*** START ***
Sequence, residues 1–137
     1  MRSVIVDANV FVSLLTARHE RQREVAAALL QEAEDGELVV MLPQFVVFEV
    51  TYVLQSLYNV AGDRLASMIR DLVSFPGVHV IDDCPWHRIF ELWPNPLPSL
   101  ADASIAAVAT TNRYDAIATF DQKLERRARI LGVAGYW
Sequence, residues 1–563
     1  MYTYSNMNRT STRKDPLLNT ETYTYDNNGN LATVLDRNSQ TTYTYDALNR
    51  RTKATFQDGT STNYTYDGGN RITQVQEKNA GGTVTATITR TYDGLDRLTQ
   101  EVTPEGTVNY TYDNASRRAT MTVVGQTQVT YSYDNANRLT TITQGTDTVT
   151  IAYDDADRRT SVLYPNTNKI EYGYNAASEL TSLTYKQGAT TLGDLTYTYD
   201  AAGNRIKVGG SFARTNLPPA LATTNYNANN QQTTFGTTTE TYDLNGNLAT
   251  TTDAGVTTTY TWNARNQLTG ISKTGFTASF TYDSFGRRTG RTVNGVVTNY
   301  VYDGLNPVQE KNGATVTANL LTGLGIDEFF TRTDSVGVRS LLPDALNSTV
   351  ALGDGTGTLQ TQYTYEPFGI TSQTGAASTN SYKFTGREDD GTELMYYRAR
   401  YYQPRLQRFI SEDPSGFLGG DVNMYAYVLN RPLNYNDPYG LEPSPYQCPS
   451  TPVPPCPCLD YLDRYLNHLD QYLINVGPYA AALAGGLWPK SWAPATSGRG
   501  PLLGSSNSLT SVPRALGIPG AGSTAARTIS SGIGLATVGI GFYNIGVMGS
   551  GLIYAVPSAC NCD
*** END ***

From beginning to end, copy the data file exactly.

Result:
Sequence, residues 1–137
     1  MRSVIVDANV FVSLLTARHE RQREVAAALL QEAEDGELVV MLPQFVVFEV
    51  TYVLQSLYNV AGDRLASMIR DLVSFPGVHV IDDCPWHRIF ELWPNPLPSL
   101  ADASIAAVAT TNRYDAIATF DQKLERRARI LGVAGYW
Sequence, residues 1–563
     1  MYTYSNMNRT STRKDPLLNT ETYTYDNNGN LATVLDRNSQ TTYTYDALNR
    51  RTKATFQDGT STNYTYDGGN RITQVQEKNA GGTVTATITR TYDGLDRLTQ
   101  EVTPEGTVNY TYDNASRRAT MTVVGQTQVT YSYDNANRLT TITQGTDTVT
   151  IAYDDADRRT SVLYPNTNKI EYGYNAASEL TSLTYKQGAT TLGDLTYTYD
   201  AAGNRIKVGG SFARTNLPPA LATTNYNANN QQTTFGTTTE TYDLNGNLAT
   251  TTDAGVTTTY TWNARNQLTG ISKTGFTASF TYDSFGRRTG RTVNGVVTNY
   301  VYDGLNPVQE KNGATVTANL LTGLGIDEFF TRTDSVGVRS LLPDALNSTV
   351  ALGDGTGTLQ TQYTYEPFGI TSQTGAASTN SYKFTGREDD GTELMYYRAR
   401  YYQPRLQRFI SEDPSGFLGG DVNMYAYVLN RPLNYNDPYG LEPSPYQCPS
   451  TPVPPCPCLD YLDRYLNHLD QYLINVGPYA AALAGGLWPK SWAPATSGRG
   501  PLLGSSNSLT SVPRALGIPG AGSTAARTIS SGIGLATVGI GFYNIGVMGS
   551  GLIYAVPSAC NCD